• A pipe drilled with 1/8″ holes and supplied @80psig will consume 13 SCFM per hole, and the holes are typically drilled on 1/2″ centers.
    • An EXAIR Super Air Knife consumes only 2.9 SCFM per inch of length, and because it’s an engineered product, it’s a LOT quieter as well.  Drilled pipes are, essentially, open ended blow offs just like the copper tube mentioned above.  When you let compressed air out of a hole like that, all the potential energy of the pressure is converted to force…and noise.
    • Drilled pipes are among the worst offenders; almost always well in excess of 100 dBA.  Super Air Knives generate a sound level of only 69 dBA with 80psig compressed air supply.  They are, in fact, the quietest compressed air blowing product on the market today.

This Model 110048 48″ Aluminum Super Air Knife replaced a drilled pipe for over $5,000 annual compressed air savings.

These aren’t just theoretical “for instances” either – the data, and the photos above, come from actual Case Studies we’ve performed with real live users of our products.  You can find them here, and here (registration required.)

These are two examples of EXAIR product users who only used Step 3 of our Six Steps, although BOTH of them were already practicing Step 4 (Turn off the compressed air when it isn’t in use)…they had their blow offs supplied through solenoid valves that were wired into the respective machine controls, and the Air Knife user HAD to do Step 6 (Control the air pressure at the point of use) to keep their product from being blown clear off the conveyor..

But we’ll be happy to help you with optimizing your compressed air system using any or all of the Six Steps. Give me a call.

Russ Bowman
Application Engineer
EXAIR Corporation
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Tried and True Products with Modern Performance and Safety Features

Over Labor Day I got the chance to take my dad and his friend climbing in Seneca Rocks West Virginia for the first time in a very long time. Seneca Rocks is a large Quartzite knife edge located in the Monongahela National forest on route 33. The majority of climbing there is what is known as Trad Climbing, which is just short for traditional climbing and is where one must place their own protection to clip the rope into (also pray it holds when you fall). Trad climbing requires a strong mental fortitude and precise physical movements as you jam different parts of your body into various sized cracks.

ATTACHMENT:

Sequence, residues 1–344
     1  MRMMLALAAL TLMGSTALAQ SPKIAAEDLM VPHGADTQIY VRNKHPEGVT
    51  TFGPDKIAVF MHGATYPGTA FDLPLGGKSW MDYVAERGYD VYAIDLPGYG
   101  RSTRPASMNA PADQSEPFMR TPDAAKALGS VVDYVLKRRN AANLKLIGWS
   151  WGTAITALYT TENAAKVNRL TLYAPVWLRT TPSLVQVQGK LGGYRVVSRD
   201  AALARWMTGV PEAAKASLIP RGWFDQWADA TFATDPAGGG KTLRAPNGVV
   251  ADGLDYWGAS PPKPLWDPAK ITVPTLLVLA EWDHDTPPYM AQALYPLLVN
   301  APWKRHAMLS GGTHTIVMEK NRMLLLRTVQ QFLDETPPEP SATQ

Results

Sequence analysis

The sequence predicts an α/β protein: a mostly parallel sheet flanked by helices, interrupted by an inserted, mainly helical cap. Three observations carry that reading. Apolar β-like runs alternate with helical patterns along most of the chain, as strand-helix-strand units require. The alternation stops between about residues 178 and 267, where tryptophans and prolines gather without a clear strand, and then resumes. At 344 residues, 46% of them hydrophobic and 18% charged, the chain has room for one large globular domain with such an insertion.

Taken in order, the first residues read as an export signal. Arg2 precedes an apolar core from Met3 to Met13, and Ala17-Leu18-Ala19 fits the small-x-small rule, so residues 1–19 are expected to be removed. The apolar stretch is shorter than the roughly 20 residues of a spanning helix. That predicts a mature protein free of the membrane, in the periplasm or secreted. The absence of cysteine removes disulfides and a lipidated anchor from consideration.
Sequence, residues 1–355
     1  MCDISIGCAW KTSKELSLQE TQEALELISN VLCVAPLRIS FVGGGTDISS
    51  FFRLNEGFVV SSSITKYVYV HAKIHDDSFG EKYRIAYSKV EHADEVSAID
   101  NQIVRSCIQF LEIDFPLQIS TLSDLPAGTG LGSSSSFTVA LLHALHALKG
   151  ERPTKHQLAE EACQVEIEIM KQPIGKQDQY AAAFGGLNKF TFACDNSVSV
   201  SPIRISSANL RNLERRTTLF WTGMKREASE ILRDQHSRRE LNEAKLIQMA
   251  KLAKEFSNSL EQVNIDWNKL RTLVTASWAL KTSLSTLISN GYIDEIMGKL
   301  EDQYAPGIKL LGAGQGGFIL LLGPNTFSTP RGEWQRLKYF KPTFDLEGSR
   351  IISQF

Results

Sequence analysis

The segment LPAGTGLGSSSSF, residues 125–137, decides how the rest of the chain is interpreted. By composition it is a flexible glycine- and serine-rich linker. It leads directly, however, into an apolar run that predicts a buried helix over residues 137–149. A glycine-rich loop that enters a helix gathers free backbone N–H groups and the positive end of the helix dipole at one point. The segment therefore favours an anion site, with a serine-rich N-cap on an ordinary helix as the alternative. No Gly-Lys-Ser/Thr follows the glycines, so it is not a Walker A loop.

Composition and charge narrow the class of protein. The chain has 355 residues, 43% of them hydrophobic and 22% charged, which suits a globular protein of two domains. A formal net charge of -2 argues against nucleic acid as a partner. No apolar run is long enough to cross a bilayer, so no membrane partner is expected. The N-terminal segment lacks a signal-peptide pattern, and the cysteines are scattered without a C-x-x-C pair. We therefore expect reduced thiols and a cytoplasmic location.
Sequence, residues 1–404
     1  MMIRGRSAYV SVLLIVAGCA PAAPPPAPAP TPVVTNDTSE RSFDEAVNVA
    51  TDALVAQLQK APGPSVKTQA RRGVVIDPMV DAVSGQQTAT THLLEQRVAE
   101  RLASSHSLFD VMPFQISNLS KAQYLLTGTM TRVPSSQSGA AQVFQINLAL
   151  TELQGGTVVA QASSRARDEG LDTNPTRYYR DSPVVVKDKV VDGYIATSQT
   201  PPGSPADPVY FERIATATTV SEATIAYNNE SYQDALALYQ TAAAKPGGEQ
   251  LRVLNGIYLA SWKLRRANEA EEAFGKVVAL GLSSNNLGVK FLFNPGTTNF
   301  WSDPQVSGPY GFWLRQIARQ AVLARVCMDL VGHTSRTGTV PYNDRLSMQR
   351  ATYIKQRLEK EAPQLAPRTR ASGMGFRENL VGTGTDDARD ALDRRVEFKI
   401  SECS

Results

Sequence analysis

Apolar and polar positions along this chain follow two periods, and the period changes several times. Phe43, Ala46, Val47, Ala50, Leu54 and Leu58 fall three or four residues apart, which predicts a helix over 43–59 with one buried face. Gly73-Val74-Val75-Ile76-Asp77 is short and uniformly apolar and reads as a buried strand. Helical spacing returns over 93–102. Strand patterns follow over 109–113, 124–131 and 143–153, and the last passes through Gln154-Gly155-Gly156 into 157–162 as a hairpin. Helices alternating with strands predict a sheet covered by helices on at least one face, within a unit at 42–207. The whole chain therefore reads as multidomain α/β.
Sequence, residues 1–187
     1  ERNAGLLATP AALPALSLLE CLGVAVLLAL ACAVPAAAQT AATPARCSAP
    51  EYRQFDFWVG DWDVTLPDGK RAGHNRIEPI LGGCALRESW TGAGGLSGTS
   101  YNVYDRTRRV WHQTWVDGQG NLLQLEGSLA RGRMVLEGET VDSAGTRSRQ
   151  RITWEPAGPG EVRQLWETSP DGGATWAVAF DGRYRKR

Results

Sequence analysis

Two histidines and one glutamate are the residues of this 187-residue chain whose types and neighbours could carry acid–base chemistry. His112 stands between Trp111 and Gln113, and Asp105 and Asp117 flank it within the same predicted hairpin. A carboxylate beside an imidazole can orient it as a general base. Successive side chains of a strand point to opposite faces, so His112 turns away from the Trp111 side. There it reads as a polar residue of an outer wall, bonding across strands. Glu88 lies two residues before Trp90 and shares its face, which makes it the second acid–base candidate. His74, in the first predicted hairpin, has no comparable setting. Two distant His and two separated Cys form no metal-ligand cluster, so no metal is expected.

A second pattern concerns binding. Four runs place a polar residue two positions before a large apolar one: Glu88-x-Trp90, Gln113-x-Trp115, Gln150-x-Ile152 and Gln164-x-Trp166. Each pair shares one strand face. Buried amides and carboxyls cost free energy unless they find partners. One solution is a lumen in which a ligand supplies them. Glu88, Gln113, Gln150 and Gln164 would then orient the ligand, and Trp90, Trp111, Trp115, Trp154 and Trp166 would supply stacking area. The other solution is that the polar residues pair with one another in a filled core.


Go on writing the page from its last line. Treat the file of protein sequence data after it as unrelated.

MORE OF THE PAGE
Me on the left and my Dad’s friend at the trail head for the hike to “the walls”.

In the ever-expanding world of new technology and advancements of outdoor adventure gear, all trad climbers stick with the same gear that was used some 30+ years ago. Although the materials and performance have improved the very principle and mechanics behind them has not. In this case the old saying “If it ain’t broke don’t fix it!” rings true. Sometimes when it comes to a solution, whether its hanging 200’ in the air or updating a process line, traditional is a great choice due to its simplicity and effectiveness.

Compressed air has been around since 1799 but the idea has been around since 3rd Century B.C. making it one of the oldest utilities next to running water. When it comes to manufacturing applications it’s about as tried and true as you can get, so why not look into our engineered products to help you solve your issues. Their simplicity and effectiveness remain, while their efficiency, safety and performance have been engineered to modern day needs.  These modern needs have insisted that products be safer and more efficient then they were 30+ years ago.  

One example of this is EXAIR’s Vortex Tube. Vortex tubes where discovered in 1931 and were exposed to industrial manufacturing in 1945. EXAIR improved upon them when the company began in 1983. Today they are still used for various cooling applications such as replacing mist coolant on CNC machines, cooling down plastic parts during ultrasonic welding, and keeping electrical cabinets cool so they don’t overheat.

Another example is air nozzles, nozzles are used for many different purposes like cleaning or cooling parts. If you are using nozzles from 30 years ago because they are effective, there is a good chance you can improve you r efficiency and increase safety for your personnel with EXAIR’s engineered Super Air Nozzles. They are designed in a variety of styles to fit your needs from tiny micro nozzles to massive cluster nozzles to blow off or cool  a multitude of parts and processes. 

Sub-zero air flow with no moving parts. 3400 Series Vortex Tubes from EXAIR.

If you have any questions about compressed air systems or want more information on any of EXAIR’s products, give us a call, we have a team of Application Engineers ready to answer your questions and recommend a solution for your applications.

Cody Biehle
Application Engineer
EXAIR Corporation